On the eve of the 2016 StarChefs South Florida Rising Stars Awards Ceremony, Symrise hosted a private roundtable discussion featuring some of  Miami's most prominent names in the food and beverage industry. Chef Alex Chang of Vagabond, Chef Bradley Kilgore of Alter, and Chef Diego Oka of La Mar Miami shared the spotlight with mixologists Christian Rolon of The Regent Cocktail Club and John Lermayer of Sweet Liberty. Moderated by Symrise's Vice President of Marketing & Consumer Insights, Emmanuel Laroche, the panel delivered some valuable insights into their world. Inquiring minds wanted to know; what inspires them?

Master mixologist, Lermayer, kicked off the lively discussion. "These days, I tend to look for great spirits. I look to frame the flavor of the spirit and do what I can to asset that and build on that as a foundation. Spirits production is getting so good worldwide. For me, it's [about] tasting great spirits and understanding that the people who make spirits are usually well traveled, intelligent, and really very interesting. Also, being able to take a piece of their work and seeing how I can build on it and deliver it to my guests with the ultimate goal being satisfying the people who choose to come to my bar.”

CLICK HERE for a PHOTO RECAP of the Miami Roundtable Discussion

For Chang, seasonal raw ingredients are key to his inspiration. "Whatever is at the peak of its season, like a mango. You can see it bursting, it's telling you to eat it. How can I build a dish off of this and build around that one ingredient?" Kilgore added to Chang's philosophy, "Sometimes the ingredient will drive the inspiration or the concept of the dish. Also, maybe it's a cooking technique or something you want to manipulate, then you build new flavors around it." Unlike the other restaurants represented on the panel, La Mar's Peruvian theme leads Oka on a different inspirational path. For him, highlighting the culture is important, but adapting to Florida's local ingredients is a key twist. "If you want to innovate, you first have to know about tradition.”

The incredibly talented group agreed; inspiration for innovation can come from just about everywhere and it's truly OK to learn from others. "That's one of the biggest challenges," said Chang. "You start as a cook, and you are just trying to master someone else's recipe and their vision as you slowly start to branch out on your own. It's almost hard to break away. How much you know, can kind of handcuff you. In a way, that can stop your creative process. You almost have to force yourself to take a step back and try to look at it from a different perspective." Originality is important, but so is honoring the learning process. "I've done a few techniques over time," shared Kilgore. "Some I've seen come up a few years later. Maybe someone with a bigger voice was able to put a stamp on it, but it wasn't like a copy-cat thing. There's a balance between leaning on something and using something to hold you up.”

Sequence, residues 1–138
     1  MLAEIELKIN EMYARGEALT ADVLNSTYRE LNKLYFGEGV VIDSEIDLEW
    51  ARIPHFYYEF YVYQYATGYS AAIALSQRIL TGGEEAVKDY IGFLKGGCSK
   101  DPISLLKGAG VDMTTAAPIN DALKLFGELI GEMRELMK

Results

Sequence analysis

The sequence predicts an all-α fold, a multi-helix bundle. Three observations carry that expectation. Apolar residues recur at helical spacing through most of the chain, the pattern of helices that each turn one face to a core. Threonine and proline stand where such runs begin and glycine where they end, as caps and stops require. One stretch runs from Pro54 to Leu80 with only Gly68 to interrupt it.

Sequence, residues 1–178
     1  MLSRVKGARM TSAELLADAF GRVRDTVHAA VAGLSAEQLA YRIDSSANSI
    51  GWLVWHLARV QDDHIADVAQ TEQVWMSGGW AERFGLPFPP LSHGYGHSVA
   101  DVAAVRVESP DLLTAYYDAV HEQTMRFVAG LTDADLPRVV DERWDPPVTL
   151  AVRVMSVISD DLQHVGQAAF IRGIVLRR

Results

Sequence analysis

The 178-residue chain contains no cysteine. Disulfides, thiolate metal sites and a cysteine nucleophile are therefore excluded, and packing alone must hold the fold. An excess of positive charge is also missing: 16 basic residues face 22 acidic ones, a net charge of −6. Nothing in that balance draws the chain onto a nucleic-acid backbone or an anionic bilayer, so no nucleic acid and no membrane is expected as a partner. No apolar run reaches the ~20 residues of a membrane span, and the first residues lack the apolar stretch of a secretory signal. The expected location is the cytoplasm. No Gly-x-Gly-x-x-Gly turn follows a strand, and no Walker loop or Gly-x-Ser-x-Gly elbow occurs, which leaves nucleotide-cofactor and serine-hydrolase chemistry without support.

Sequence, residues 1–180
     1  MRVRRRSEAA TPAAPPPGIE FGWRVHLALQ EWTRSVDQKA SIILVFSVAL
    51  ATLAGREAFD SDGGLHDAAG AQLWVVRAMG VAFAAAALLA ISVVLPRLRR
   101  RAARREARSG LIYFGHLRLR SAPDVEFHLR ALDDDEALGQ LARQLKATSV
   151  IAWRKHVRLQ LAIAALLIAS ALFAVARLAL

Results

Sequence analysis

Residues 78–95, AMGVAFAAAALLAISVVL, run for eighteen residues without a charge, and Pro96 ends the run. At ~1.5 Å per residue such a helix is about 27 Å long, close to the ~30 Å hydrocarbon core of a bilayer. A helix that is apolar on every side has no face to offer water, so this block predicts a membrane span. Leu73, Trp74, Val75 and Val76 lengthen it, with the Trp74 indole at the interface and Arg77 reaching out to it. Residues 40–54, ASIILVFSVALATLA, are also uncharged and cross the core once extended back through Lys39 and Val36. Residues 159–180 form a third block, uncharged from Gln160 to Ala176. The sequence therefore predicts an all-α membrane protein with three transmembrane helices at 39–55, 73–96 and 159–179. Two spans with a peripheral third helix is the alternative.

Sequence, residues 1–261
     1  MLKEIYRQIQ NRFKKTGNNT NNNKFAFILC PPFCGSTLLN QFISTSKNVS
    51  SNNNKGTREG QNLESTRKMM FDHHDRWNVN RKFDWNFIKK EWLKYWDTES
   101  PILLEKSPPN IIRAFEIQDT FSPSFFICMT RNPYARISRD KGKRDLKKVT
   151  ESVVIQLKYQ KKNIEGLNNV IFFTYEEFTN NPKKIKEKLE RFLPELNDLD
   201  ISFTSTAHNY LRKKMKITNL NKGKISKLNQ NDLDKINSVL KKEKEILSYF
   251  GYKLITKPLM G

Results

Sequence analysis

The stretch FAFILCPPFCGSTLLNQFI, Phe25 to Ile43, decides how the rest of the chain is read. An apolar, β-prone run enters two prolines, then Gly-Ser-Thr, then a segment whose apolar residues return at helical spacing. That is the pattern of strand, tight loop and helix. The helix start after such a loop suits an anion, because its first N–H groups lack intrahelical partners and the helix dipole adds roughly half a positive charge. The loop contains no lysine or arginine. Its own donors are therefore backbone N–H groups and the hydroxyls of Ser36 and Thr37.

Check out photos from the Miami Roundtable here!

There's a constant give and take between the customers and a business; a song and dance of sorts. The tricky part is calculating that enigmatic formula which will lead to a successful path. "How does it make a person happy?" is one of the questions Rolon asks himself when thinking about a new cocktail. "I love what I do. It makes me happy if they are happy. They are the inspiration." Oka, whose restaurant at the Mandarin Oriental boasts 256 seats, easily caters to different groups. "Customers are important. Without them, we can't continue working, and being open. There are some that go to restaurants to have an experience and they can go to that restaurant once every two months, and there are restaurants you can go to every week." Lermayer also brought up an excellent point regarding "buzzwords" and how they can positively or negatively affect a customer. "A lot of it for me is a kind of psychology and how we word flavors and how we make it approachable." Kilgore agreed, "Every time I get a little bit too cheeky, it doesn't work out ... I had poussin on the menu, and I changed it to young chicken and it started selling ... Some people don't want to be outsmarted too. Give them three words they recognize and one new one so they're intrigued.”

South Florida's culinary scene is quickly soaring high. Focus, drive, determination, and creativity is easily found throughout the city. But support, respect, and a rare camaraderie among peers is cementing its success. Nothing could be more inspiring.

Be sure to check back next week for Part 2: Trends & Treats

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